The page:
Inclusion was actioned through the school’s investment in Chromebooks for students, and appropriate opportunities for their use, with both participants and the headmaster having studied the principles of self-directed learning and co-teaching following the completion of various mobilities. Following the school’s shift from the traditional classroom environment to innovative workstations and instructional spaces, a number of its classrooms were subsequently equipped with Chromebooks, with several charging boxes made available in the teachers’ room that could be booked by teachers. The school itself continues to remain committed to the use of multimedia as a means of supporting students in carrying out independent and self-directed work. Moreover, the introduction of co-teaching was initially a two-year undertaking prior to its expansion in subsequent years, with the setting-up of ‘OK!-classes’ in the school’s weekly vocational education schedule aimed at promoting self-directed learning. Co-teaching was introduced for the first time in the 2019/2020 school year during the first year of vocational education, with the design and development of ‘OK!-classes’ having stemmed directly from job-shadowing exercises in both Finland and Denmark (where, as in other Scandinavian schools, the approach has long been utilised). Our students, who worked on a weekly schedule so as to promote self-directed learning, were taught in a modern classroom that was equipped with an instruction area (which also doubled as as a quiet work area), a reading area, as well as modular benches that allowed for both individual and group work. Furthermore, the furniture within this space was tailored to the needs of students and teachers alike, with inspiration gained during the BETT show in London, where staff had been introduced to the added value brought about by modular furniture into the classroom environment. In their first two years, general secondary students at our school were taught several subjects (languages and Mathematics) in small groups through the use of direct instruction and individually guided work, during which they learnt to work with weekly schedules. This way, teachers were able to focus on student differentiation and remediation while allowing them to work at their own pace. Beginning from the 2019/220 school year, co-teaching of both third grade and technical secondary students was also implemented in the teaching of language subjects. Students were taught Dutch and English in larger groups with two teachers functioning as a coach and a supporter. The subject matter was divided into modules that were based on content, and students worked on their assignments according to a semester plan. This approach applied the principle of self-directed learning, where students could either continue to receive guidance and instructions from teachers, or opt to carry out completely independent work. Students worked using their Chromebooks and were able to refer to relevant materials via Google Classroom and Smartschool. Distance learning accelerated this work approach, which, to date, remains a work in progress for both students and teachers alike. A high degree of cooperation existed between the various FCL subjects, which stimulated the research and expansion of its subject matters. Furthermore, we learnt that both classroom layout and design influences the application of blended learning, and that they also facilitate project-based and cross-curricular didactics. The school’s Future Classroom Lab facilitated the simultaneous teaching of different subjects, which allowed students to work in separate zones ((investigate - exchange - present - create - develop) prior to working in the gallery and presenting their results. This classroom (which has since been extensively updated) was equipped with modular furniture, laptops and desktops, a smart TV complete with beamer, 3-D printers, and whiteboards. The room’s concept has since been extended to various other rooms on our campus, with existing classrooms continuously transformed into innovative spaces given that both their layout and design influences the principle of blended learning. The FCL also provided opportunities for the school’s development of STEM education, with GO! Atheneum Brakel (a proud member of the STEM Academy) now benefitting from a comprehensively equipped STEM room complete with 3-D printers, laser cutters, and special software, among other equipment. Students are given the opportunity to work and hone their skills with the aforementioned high-tech equipment and learn problem-solving, observation, and analytical skills through challenging projects. Lastly, primary school students from our school are also regularly provided with the opportunity to follow lessons in this classroom.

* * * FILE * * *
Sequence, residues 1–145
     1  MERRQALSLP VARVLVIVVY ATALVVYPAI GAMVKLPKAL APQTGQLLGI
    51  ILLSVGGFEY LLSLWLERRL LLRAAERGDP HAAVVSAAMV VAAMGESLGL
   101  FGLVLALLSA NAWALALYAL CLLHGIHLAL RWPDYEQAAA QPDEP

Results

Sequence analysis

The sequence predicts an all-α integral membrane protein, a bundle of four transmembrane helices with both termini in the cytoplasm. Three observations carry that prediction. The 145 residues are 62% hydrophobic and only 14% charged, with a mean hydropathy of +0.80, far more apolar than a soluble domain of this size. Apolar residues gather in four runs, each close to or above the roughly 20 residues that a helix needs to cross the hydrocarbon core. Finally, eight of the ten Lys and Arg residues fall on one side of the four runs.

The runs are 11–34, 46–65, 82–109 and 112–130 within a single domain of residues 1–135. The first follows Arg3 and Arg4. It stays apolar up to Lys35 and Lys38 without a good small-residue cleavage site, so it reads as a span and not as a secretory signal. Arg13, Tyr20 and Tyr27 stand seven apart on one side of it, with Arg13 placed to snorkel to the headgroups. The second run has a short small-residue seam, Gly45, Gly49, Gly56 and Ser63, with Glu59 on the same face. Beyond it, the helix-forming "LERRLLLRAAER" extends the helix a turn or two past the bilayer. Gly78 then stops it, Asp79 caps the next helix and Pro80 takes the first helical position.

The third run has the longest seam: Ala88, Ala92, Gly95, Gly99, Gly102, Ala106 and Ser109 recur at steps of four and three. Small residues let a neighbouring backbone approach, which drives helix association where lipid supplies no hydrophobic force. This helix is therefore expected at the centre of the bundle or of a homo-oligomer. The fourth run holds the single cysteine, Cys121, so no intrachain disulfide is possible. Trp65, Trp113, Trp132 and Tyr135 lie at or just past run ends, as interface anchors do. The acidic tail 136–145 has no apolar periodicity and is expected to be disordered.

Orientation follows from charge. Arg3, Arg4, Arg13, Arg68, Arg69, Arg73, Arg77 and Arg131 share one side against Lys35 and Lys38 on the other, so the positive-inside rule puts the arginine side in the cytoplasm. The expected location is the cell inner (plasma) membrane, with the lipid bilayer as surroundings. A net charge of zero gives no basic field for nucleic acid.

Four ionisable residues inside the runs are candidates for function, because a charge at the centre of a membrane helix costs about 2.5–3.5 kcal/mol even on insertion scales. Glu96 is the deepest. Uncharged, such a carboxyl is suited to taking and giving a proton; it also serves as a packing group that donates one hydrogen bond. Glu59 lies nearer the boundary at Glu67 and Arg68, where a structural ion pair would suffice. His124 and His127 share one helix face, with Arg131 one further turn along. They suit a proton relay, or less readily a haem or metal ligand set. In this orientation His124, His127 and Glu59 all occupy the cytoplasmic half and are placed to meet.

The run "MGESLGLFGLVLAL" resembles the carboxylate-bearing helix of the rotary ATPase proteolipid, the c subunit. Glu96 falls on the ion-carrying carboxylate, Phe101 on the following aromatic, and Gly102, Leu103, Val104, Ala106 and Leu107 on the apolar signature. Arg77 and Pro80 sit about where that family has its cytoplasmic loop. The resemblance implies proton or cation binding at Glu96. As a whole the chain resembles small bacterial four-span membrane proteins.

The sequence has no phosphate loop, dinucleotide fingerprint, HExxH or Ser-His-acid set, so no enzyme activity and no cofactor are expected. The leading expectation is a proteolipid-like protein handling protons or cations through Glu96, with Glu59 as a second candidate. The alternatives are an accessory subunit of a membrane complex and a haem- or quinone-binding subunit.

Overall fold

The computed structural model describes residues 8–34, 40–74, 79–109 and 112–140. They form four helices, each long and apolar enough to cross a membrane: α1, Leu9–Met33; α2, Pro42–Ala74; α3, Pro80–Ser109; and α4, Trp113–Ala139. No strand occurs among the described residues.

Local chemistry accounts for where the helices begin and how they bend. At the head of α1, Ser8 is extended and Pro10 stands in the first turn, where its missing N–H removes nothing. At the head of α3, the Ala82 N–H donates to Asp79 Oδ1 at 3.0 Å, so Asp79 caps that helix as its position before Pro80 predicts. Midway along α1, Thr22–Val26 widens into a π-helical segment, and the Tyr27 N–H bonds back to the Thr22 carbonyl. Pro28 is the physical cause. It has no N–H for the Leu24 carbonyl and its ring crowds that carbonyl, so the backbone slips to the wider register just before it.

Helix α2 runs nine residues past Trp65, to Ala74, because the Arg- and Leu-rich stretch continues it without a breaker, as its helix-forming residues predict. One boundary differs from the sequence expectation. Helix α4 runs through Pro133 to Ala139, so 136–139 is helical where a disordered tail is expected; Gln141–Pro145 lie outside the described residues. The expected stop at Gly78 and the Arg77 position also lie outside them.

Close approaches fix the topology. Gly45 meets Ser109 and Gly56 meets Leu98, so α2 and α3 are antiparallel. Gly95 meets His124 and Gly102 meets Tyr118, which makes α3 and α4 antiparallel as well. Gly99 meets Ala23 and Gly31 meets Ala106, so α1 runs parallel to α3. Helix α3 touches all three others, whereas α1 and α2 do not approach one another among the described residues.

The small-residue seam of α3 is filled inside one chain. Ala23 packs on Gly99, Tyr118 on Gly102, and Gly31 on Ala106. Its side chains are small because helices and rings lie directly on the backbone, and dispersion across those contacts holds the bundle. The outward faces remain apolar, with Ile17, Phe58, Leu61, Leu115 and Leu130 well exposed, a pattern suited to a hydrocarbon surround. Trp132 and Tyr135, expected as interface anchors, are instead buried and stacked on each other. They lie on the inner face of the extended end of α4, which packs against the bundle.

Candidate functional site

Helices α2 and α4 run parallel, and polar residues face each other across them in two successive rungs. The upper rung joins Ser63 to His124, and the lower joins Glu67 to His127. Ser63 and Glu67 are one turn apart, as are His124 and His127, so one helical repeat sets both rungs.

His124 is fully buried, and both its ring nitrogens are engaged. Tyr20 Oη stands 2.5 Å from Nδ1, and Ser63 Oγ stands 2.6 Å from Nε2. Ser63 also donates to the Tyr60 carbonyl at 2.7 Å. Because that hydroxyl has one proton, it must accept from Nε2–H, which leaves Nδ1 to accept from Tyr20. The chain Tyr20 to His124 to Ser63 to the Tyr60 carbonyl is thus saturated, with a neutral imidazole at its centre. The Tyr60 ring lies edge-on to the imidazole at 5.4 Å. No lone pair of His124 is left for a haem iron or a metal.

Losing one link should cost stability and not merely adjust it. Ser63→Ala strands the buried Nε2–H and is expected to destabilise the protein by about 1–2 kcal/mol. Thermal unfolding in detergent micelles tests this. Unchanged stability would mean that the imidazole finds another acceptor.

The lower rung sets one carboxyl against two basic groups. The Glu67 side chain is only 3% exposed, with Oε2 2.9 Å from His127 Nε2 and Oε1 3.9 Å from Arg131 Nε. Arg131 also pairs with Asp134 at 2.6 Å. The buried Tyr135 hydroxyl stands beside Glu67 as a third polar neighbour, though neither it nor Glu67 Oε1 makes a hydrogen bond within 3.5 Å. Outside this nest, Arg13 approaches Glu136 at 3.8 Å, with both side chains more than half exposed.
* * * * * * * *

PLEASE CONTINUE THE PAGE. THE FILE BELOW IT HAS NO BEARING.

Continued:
Since the 2018/2019 school year, our students are being taught in a new building with spacious classrooms that are equipped with laptops, beamers, Chromebooks (which assist them in self-guided learning), and whiteboards. Some of these classrooms may also be divided through the use of sliding walls, and students may also opt to work in small groups in the corridors. A small multipurpose room with tables and chairs serves as the school library, and it can also be used as a quiet workspace. A number of spacious co-teaching rooms with different instructional areas are also available, which allows for the simultaneous teaching of different class groups in the latter, and for independent work to be carried out in the former. A glass partition separates the instructional area from the room used for self-directed learning.